About 18 years ago I wrote a feature on golfer Tom Sieckmann for a local lifestyle magazine. I ran across the article recently while boxing up old press clippings during my move. There was Sieckmann on the magazine cover, leaning back in a cheap plastic lawn chair next to a bucket of golf balls, a driver leaning on his left shoulder like a lazy rifle.

Throughout the 2,000-word profile, I tried to get Sieckmann, a successful PGA golfer from Omaha who had taken home nearly a million in prize money and even won the Anheuser-Busch Open in 1988, to distill the meaning of golf — to explain what it meant to him.

“You’re out there, by yourself, and every 10 minutes you have to make a fairly important decision that can affect your day, your week, your entire career. And you have plenty of time to think about it — that’s kind of a bad thing,” he said.

I just nodded without looking up from my notebook. I knew virtually nothing about golf at the time. I’d never even held a golf club before. But none of that mattered when I was handed the assignment. The underlying story wasn’t so much about golf as much as Sieckmann himself, who at age 40 had reached a point in his career when he began to let go of the game as a profession and focus on his family life, which he said, can take a beating as a pro is on tour.

Don’t go looking for Sieckmann’s name on the leaderboard at this weekend’s U.S. Senior Open because he’s not entered, though you might spot him on the grounds as he’s listed as the director of golf instruction at the Omaha Country Club, where the tournament is taking place.

It would be another 15 years before I could apply any of Sieckmann’s wisdom to my own golf game. I always pegged golf as a rich man’s sport, a game played by businessmen and assholes in loud golf shirts who smoked cigars and made catty business deals while judging everyone else’s swing. There was something intimidating about the game and the courses themselves, which felt like a world in which people who grew up like me simply didn’t belong.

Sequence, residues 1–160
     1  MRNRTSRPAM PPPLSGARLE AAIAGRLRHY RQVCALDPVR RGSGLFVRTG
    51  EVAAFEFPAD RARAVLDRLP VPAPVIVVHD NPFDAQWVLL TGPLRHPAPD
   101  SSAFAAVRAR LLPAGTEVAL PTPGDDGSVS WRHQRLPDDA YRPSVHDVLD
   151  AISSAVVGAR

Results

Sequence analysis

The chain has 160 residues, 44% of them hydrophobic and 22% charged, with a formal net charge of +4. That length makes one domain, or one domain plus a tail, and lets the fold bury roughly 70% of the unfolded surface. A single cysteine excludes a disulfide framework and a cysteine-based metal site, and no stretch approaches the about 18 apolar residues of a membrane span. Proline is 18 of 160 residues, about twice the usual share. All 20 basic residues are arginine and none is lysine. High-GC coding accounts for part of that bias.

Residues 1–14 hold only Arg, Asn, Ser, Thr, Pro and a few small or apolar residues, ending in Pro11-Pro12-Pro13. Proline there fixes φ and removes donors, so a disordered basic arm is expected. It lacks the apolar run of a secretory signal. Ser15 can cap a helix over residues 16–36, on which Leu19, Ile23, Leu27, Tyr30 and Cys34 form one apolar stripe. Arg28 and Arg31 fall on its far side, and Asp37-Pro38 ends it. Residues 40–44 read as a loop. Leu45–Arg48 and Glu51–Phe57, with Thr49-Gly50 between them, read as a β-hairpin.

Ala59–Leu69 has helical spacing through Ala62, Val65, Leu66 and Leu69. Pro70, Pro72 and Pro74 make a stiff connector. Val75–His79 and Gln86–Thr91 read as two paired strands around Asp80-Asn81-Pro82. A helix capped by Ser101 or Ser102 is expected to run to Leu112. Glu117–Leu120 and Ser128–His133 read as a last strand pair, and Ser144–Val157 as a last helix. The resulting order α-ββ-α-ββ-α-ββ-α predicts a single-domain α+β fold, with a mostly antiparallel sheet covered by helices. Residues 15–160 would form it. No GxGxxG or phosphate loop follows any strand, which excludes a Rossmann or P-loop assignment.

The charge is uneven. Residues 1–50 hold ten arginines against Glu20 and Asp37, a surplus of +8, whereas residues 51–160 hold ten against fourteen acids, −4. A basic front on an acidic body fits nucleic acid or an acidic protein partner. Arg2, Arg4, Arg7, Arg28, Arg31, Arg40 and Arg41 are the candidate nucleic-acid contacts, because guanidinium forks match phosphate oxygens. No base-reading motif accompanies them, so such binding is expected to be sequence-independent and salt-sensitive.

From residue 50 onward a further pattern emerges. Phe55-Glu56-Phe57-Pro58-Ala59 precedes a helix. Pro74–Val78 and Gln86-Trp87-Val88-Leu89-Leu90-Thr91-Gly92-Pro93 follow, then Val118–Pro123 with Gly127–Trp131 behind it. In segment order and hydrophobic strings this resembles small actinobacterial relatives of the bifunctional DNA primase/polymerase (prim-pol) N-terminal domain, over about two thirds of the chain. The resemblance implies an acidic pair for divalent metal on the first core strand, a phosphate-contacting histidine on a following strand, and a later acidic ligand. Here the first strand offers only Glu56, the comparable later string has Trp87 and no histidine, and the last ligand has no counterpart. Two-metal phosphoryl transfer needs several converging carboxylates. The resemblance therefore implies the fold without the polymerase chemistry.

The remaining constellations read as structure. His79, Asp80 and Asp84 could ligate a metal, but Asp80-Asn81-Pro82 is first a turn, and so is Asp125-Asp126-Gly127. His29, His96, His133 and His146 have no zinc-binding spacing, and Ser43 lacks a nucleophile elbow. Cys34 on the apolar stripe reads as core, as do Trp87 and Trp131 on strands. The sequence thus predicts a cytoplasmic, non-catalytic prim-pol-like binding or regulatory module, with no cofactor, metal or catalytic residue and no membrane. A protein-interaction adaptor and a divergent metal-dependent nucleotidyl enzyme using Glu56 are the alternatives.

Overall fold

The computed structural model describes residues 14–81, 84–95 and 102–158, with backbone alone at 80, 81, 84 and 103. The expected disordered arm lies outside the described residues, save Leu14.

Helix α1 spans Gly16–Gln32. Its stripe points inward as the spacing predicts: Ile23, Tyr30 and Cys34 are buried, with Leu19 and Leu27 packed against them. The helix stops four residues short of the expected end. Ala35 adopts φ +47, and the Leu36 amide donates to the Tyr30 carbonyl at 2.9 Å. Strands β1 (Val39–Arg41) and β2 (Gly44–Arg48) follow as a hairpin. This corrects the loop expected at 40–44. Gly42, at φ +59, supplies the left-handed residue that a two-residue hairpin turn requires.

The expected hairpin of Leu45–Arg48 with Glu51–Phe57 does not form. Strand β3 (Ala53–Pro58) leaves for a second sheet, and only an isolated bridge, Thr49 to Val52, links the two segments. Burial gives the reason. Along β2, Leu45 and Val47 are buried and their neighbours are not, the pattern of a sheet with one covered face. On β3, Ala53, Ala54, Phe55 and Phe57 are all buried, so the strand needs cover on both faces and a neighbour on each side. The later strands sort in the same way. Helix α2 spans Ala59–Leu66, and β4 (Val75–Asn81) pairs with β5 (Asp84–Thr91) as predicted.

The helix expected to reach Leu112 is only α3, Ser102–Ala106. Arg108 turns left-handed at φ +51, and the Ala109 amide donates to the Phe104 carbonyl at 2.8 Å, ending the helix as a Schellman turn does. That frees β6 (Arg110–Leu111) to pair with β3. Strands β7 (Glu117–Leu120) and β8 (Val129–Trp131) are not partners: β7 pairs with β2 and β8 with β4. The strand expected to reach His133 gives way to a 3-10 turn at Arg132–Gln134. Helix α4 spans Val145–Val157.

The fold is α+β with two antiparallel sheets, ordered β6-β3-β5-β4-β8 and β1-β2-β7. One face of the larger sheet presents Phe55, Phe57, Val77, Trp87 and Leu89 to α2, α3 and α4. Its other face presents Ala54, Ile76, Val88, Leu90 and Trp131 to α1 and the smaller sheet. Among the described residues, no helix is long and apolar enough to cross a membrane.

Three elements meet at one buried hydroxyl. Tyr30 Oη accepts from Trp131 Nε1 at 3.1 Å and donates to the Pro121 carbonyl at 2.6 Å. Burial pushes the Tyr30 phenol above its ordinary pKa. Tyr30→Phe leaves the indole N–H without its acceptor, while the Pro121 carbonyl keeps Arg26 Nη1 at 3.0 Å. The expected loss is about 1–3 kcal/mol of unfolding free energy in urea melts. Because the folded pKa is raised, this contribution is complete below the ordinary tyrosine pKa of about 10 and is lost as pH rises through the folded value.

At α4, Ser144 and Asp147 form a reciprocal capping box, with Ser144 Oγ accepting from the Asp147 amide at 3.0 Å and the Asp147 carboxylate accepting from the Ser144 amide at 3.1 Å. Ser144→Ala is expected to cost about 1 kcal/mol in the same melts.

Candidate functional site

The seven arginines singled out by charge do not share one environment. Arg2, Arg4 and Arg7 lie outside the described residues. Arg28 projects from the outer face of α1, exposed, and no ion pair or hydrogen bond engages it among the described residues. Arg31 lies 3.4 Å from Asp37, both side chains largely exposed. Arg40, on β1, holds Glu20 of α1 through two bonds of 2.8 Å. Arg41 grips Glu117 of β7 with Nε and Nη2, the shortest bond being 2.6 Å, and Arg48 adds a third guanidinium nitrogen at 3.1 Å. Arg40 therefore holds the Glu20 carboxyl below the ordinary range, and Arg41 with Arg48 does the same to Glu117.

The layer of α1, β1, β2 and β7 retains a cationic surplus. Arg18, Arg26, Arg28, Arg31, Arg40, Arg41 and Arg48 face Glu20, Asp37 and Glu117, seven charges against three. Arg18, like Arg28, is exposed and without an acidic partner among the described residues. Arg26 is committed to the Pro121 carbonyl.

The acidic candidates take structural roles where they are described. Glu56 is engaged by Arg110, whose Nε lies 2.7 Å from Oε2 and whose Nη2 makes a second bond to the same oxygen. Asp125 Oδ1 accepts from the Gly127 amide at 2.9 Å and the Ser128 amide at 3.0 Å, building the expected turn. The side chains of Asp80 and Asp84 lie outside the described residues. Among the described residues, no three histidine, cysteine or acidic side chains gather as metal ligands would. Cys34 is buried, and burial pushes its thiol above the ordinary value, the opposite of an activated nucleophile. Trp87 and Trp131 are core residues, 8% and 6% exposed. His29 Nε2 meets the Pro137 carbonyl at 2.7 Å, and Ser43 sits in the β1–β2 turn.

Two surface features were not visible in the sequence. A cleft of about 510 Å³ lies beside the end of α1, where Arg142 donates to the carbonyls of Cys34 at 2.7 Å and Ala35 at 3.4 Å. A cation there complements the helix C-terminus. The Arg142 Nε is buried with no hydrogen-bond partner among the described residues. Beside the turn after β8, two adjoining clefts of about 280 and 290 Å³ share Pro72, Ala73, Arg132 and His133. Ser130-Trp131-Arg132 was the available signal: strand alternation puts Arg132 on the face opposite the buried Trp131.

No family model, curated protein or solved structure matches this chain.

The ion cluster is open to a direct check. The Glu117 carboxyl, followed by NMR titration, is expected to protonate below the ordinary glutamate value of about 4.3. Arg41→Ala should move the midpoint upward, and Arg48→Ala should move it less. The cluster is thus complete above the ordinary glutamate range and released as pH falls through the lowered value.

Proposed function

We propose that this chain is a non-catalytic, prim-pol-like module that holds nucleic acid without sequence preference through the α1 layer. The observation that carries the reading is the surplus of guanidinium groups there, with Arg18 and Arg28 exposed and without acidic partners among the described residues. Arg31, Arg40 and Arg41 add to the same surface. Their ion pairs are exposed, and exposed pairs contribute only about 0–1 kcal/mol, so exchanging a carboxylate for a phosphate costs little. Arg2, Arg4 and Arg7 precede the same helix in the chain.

Ironically, it would take a business trip where I was practically forced to golf before I had a chance to find out I had nothing to be afraid of. There I was, driving around a closed course in southern Missouri in a golf cart with three women, laughing it up over Miller Lites. No one gave a shit that we could barely hit the ball.

After I got back to Omaha, my brother took me to Dick’s where I bought a $199 set of Callaway clubs, a box of balls, some tees and a white leather golf glove. I have since mastered (OK, played) the city’s three 9-hole muni courses. If watching this weekend’s geriatric tournament gets your juices flowing to finally conquer your fear and play the game, this is where to start, because there’s absolutely nothing intimidating about these courses, and yet, each holds its own challenges.

The first thing you’ll notice after you check in at the club house and pay your $11 greens fee is that the foursome in front of you likely includes a pregnant mother or a 9-year-old or a person holding a cane instead of a putter.